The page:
For the sake of my own ability to make a living as an artist—which I’ve decided over many years of working in different areas is important to me, and might be contrary to how the artist in general is perceived—I have to ask myself whether the project I’m making is going to make me any money. Note, this does not always prevent me from starting something, but I’ve found it often prevents me from easily being able to finish it! It’s not a rule I plan to create for myself either, as I’m always interested in what possibilities might exist in going ahead and pursuing an artistic idea despite its impracticalities. In fact, I think being impractical is part of the job of an artist, due to the potential wellspring of inspiration that exists off the beaten path. So, the economics of a project is something of a paradox. For me to know how to weigh the financial risks of a project, I have to ask myself whether I could truly devote myself to it as I described above. If I can, I will do what it takes to find the money to make it, and hopefully make some money from it (either directly or by building my name). In the past, I’ve gotten into a great deal of debt trying this. Lately, I’m trying to see if there are other ways to make art then going deep into debt while waiting for some kind of abstract payback in my future. What I enjoy is a blend of applied artwork—along the lines of illustration or retail products such as pottery provided—with gallery or installation work. Generally I find that the sales of smaller items now will inspire me later to plan and execute larger pieces. The products act as a kind of sketchbook I can sell, and so the financial strain doesn’t undercut my artistic process.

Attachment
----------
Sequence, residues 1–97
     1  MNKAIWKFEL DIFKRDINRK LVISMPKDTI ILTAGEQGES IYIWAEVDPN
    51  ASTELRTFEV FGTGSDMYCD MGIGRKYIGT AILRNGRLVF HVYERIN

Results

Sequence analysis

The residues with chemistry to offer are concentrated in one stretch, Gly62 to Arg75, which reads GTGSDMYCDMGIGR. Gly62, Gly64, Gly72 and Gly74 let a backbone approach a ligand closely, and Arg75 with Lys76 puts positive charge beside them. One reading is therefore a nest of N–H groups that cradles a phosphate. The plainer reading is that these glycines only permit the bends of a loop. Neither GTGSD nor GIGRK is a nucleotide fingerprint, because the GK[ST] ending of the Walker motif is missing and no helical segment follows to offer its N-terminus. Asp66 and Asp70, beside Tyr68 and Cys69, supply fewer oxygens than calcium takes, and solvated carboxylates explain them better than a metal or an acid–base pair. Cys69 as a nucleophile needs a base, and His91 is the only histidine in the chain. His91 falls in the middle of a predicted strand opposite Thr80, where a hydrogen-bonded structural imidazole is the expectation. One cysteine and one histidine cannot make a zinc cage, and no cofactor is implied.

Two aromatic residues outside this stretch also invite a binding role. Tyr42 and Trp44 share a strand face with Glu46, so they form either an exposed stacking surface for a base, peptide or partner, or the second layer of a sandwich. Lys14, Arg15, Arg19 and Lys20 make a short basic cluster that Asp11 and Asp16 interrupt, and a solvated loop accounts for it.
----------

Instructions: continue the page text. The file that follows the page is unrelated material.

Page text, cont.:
Finally, I begin to ask myself about the audience for my intended result. Ultimately, I make work with the overly presumptuous goal of helping humanity evolve. Obviously, I imagine my contribution to be of appropriate scale, but evolution is my starting point. In that sense, making art is not unlike marketing. Part of my interest in making a book is its enormous outreach were it to become a best-seller. The paradox here is that I also have to create the work with a personal intention to grow as a citizen myself, and learn to build the kind of generosity of spirit that I hope to inspire in others. Luckily, the act of making art inevitably shows me this. Finishing a project is rarely as wonderful as imagining the initial idea. By the time a piece is realized, it is essentially given away. This does not mean it will be uninspiring to others, but my own finished work is not ultimately where I find my inspiration. Instead, it is how I pass inspiration along. Passing it along can be somewhat saddening, but it is the part of the process that teaches me the most about myself. Even if it gets great recognition, and I am well received for it, nothing beats the feeling of starting on a new idea.